Will Arnett, Amy Poehler's Divorce Seeks Joint Child Custody - Celebrity Justice
Celebrity Justice - The FindLaw Celebrities and The Law Blog

Will Arnett, Amy Poehler's Divorce Seeks Joint Child Custody

After being separated for more than 18 months, "The Millers" star Will Arnett has filed for divorce from "Parks and Recreation" star Amy Poehler.

The comedic duo announced their separation in September 2012, but is just now filing for divorce. In Arnett's court filing, he's seeking joint custody of the couple's two sons, according to The Associated Press.

Celebrity divorces are pretty common, but for those couples with children, what happens when there's joint custody?

Separation v. Divorce Filing

Although a married couple may be separated, it doesn't mean that they're legally divorced. Being separated means that the couple is still married, but living apart. Only when a divorce is finalized in court does it mean that the couple is no longer legally married.

It's unclear whether Arnett and Poehler filed for a legal separation when they announced that they were separating. Although somewhat uncommon, legal separation is a court order that mandates the rights and duties of a couple while they're still married, but not living together. In a legal separation, a court can enforce spousal and child support as separation maintenance payments and marital property may be divided.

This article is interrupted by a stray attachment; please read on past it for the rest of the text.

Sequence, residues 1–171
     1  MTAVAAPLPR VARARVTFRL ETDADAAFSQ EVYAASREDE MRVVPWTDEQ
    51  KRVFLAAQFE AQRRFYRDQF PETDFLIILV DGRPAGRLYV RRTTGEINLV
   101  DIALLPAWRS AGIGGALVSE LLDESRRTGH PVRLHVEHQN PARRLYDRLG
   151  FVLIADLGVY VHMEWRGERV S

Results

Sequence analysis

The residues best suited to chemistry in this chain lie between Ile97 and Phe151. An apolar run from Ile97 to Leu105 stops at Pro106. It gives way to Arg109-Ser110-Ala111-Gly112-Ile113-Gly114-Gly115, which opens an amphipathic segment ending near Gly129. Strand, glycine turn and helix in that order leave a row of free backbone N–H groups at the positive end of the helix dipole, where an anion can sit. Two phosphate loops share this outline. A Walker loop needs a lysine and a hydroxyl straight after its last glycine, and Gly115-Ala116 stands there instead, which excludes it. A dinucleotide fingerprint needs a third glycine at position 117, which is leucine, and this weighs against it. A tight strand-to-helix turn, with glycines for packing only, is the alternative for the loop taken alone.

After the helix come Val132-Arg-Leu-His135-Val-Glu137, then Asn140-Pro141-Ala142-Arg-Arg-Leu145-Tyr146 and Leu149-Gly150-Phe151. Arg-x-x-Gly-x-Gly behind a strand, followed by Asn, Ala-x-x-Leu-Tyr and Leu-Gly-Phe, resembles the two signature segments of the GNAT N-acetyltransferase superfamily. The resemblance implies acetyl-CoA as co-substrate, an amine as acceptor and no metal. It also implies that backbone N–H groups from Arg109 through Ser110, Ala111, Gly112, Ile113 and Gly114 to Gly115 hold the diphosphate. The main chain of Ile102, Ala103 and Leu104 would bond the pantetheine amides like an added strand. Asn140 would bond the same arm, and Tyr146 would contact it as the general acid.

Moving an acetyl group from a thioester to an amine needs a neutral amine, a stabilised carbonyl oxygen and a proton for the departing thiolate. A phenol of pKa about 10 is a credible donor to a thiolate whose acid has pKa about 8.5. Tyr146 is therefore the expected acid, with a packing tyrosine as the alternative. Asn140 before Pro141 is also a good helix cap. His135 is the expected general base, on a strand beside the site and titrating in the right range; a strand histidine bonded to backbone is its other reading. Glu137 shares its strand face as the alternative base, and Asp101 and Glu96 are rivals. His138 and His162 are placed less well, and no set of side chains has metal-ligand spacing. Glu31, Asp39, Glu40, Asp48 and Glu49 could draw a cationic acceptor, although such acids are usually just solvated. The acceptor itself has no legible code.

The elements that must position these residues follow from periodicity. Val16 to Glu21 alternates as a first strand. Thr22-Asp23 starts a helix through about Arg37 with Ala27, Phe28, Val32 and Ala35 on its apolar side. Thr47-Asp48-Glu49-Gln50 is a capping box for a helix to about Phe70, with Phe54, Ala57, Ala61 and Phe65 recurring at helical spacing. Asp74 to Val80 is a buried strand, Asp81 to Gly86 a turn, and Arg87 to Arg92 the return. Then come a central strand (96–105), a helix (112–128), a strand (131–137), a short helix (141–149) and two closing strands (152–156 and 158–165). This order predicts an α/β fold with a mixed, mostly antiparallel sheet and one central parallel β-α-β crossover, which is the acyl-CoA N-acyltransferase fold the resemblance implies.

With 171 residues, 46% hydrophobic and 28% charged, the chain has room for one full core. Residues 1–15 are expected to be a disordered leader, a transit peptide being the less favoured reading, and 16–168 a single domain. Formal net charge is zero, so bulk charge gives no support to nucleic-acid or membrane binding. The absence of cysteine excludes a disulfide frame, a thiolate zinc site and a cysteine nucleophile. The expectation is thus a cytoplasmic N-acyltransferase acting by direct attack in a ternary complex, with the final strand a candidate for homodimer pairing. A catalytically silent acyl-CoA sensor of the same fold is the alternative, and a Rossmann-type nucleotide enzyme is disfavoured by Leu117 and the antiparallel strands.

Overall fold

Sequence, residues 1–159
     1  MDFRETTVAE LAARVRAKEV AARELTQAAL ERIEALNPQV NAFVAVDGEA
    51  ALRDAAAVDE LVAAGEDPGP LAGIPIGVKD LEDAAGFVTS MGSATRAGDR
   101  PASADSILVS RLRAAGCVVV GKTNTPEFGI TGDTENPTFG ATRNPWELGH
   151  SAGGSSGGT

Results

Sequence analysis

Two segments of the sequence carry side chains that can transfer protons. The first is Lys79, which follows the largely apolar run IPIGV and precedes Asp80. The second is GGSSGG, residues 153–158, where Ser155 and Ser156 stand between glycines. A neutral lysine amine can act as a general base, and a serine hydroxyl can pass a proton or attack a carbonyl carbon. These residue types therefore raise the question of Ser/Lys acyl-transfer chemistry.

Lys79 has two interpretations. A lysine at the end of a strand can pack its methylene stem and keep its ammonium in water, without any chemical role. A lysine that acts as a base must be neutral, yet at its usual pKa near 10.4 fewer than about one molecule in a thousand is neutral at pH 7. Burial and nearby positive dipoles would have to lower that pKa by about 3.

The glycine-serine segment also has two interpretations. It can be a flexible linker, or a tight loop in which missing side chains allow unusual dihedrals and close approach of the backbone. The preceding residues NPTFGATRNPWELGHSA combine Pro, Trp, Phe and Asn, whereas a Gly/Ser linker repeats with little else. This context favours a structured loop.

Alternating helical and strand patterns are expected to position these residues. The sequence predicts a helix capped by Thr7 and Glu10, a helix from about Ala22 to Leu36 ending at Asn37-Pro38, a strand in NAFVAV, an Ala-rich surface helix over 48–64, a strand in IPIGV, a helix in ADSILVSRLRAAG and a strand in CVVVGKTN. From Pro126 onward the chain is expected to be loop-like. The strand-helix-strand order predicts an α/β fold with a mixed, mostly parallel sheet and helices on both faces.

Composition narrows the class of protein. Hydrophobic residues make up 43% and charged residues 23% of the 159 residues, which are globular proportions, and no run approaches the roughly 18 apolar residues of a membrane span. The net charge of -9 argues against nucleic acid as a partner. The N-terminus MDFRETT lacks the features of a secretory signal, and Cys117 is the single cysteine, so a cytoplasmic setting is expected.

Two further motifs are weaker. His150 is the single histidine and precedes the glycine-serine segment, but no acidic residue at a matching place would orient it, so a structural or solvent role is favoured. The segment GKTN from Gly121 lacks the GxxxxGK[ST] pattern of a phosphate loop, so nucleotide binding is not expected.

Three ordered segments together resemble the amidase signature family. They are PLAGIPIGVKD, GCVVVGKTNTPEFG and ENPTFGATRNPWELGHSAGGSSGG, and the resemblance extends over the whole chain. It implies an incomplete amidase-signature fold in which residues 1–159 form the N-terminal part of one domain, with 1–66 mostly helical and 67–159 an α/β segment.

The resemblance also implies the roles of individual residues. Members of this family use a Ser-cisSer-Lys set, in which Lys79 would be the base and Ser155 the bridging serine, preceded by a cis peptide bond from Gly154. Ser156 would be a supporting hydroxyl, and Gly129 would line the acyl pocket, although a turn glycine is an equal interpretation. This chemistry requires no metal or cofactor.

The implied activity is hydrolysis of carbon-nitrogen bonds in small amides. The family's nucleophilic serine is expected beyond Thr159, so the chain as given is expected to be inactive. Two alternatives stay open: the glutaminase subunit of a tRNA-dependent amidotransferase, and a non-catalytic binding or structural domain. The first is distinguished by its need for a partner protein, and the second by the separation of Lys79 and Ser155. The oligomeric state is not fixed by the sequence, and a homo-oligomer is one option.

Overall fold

Most couples will separate, but don't seek a legal separation court order. It's important to know your separation date, because in divorce proceedings, all property acquired after the separation date will no longer be considered marital property.

Joint Custody

In his divorce filing, Arnett is seeking joint custody of him and Poehler's kids. When parents have joint custody agreements, they usually share legal and physical custody of the kids. Under those conditions, both parents participate equally in making decisions about the kids' upbringing and welfare and split their visitation time evenly.

Since both parents will have legal custody in a joint custody agreement, this means that both parents can make long-term decisions about raising the child, including where the child goes to school, medical care, and religion. Both parents will also have physical custody of the child, which involves issues of where the child will live.

If parents can agree on the visitation and upbringing details of a joint custody agreement, a judge doesn't need to get involved. However, for parents who are having difficulty coming to an agreement, the court can help them decide what's best for the children.

Arnett filed a divorce petition in a Los Angeles Superior Court on April 8, according to The Associated Press.

Follow FindLaw for Consumers on Facebook and Twitter (@FindLawConsumer).

Related Resources: